CCEMHC SPONSORS CONFIDENTIALITY BILL
CCEMHC is proud this year to sponsor our first piece of managed care regulatory
legislation. With the California Society for Clinical Social Work as co-sponsor, we have
introduced AB 2648, concerning managed care records audits and patient confidentiality.
Assembly Member Michael Machado, from the Stockton area, is authoring the bill. Currently
it has been amended to specifically address the audits, and the legislative counsel is
reviewing the changes. We expect to have our first committee hearing in two weeks. Special
thanks to Jim Barrick, Ph.D., Joline Lyons, LCSW, and Ruth Clifford, Ph.D., for their
contributions to the ideas in the bill and visits to legislators.
This latest version of the bill establishes several protections of patients' privacy
when HMOs and PPOs conduct routine inspections of mental health records kept by their
contracted providers. These protections include:
-- Records made available for audits shall not include identifying information in the
form of the patient's name, address or social security number. Plans may assign an
internal authorization code for the purpose of tracking a specific individual's
-- Patients must give their informed written consent to allow plans access to their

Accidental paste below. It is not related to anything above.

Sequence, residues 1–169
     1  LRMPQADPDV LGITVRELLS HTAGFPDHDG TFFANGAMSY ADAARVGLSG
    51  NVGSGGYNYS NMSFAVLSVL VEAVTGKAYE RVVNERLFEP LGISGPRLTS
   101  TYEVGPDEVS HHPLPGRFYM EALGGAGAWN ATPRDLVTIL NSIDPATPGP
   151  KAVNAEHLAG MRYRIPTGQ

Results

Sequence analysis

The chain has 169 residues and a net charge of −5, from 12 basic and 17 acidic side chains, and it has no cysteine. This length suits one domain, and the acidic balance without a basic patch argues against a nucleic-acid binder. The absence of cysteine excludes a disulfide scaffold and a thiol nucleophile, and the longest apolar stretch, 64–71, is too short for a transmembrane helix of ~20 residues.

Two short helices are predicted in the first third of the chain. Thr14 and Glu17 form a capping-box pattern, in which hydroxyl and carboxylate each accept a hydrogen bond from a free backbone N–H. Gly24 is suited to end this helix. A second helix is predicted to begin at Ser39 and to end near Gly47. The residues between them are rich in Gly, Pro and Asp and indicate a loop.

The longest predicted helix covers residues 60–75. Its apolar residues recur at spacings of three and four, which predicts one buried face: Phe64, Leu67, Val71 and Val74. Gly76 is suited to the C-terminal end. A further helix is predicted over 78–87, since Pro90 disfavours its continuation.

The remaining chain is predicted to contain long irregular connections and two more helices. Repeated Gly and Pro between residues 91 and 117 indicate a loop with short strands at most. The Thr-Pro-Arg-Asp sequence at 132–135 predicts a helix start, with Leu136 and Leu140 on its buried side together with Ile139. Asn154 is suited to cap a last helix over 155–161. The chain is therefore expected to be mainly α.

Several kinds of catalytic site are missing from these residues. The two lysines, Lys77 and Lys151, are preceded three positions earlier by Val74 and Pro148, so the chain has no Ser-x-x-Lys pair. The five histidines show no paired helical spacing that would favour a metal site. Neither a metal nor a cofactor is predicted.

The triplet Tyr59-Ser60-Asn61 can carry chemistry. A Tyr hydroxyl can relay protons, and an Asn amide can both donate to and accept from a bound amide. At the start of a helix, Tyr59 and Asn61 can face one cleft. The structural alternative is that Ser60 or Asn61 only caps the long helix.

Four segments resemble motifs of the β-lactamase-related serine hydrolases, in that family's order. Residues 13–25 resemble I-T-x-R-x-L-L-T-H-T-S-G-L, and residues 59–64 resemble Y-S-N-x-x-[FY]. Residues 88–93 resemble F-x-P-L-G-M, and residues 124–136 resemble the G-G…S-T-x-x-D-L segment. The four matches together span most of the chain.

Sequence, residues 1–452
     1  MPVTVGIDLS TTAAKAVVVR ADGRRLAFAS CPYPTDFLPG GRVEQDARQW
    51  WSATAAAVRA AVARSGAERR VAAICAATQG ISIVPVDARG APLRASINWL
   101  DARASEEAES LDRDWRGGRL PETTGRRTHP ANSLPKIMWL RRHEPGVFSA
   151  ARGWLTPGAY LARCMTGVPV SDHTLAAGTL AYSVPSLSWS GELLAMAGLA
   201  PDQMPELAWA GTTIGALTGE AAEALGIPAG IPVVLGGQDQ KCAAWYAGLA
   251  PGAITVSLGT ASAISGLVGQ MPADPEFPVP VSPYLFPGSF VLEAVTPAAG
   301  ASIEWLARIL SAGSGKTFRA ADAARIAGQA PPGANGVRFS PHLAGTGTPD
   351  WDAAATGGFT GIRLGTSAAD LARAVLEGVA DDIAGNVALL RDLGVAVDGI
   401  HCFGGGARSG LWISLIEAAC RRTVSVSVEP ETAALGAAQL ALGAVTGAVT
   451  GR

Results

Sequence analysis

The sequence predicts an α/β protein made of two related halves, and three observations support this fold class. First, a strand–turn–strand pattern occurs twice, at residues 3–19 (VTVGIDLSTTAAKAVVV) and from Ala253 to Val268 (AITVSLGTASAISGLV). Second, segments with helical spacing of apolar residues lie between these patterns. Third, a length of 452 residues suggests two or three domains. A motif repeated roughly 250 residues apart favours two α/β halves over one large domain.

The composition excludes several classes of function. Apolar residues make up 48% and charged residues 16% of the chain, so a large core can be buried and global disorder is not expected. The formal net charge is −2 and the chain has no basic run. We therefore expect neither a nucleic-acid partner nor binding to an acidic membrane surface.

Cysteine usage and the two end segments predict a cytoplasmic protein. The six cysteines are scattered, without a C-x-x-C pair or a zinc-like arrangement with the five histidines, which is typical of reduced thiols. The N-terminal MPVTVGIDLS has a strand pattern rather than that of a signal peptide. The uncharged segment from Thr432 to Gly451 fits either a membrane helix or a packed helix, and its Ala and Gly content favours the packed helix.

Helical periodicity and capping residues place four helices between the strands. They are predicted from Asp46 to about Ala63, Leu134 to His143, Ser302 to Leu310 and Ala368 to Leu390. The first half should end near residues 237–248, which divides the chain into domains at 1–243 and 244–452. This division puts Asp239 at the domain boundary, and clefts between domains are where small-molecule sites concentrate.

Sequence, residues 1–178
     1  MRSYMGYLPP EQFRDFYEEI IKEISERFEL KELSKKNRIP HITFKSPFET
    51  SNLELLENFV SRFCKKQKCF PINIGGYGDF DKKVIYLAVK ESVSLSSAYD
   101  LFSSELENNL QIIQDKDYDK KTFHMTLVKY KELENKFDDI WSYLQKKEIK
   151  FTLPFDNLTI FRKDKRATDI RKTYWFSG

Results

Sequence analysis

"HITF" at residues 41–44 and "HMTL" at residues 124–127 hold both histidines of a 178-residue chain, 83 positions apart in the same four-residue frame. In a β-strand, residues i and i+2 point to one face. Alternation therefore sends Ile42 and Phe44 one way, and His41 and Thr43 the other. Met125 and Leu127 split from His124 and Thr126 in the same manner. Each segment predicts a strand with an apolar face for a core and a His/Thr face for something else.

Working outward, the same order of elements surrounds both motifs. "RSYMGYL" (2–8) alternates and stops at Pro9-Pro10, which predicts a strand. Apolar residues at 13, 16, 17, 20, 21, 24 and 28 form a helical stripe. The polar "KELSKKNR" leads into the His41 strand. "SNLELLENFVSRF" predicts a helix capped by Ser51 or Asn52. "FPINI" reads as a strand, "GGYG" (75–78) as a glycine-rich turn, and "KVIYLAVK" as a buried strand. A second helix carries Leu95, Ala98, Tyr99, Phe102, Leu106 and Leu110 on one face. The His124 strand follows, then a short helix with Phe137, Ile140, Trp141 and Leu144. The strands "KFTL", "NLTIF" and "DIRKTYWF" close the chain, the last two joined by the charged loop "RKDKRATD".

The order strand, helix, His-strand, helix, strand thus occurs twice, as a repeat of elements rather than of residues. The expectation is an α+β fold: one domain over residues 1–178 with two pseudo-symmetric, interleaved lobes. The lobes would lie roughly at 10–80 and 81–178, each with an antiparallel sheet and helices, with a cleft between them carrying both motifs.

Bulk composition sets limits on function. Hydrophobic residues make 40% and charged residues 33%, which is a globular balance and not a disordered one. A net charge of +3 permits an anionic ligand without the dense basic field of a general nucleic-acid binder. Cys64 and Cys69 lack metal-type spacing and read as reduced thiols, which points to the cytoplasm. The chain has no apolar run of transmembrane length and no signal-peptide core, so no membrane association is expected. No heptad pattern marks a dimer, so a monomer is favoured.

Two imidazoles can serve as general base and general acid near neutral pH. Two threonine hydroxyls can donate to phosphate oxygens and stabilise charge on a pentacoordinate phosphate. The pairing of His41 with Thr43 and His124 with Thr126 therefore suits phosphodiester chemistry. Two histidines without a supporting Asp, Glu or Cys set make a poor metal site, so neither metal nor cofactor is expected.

information for purposes other than determining medical necessity. The consent form must
be specific regarding the nature, extent and purpose of the request. It must be printed in
a typeface no smaller than 14 point type and conform with the requirements for release
forms of individual practitioners.
-- Patients shall have the right to refuse to release their records for purposes other
than determining the medical necessity of their care, without jeopardizing their benefits.
OTHER STATE LEGISLATION ON CONFIDENTIALITY
Several other bills have been introduced this year dealing with confidentiality of
medical records in general. The expansion of managed care information gathering,
telemedicine, and computerization of health care data have created the need to update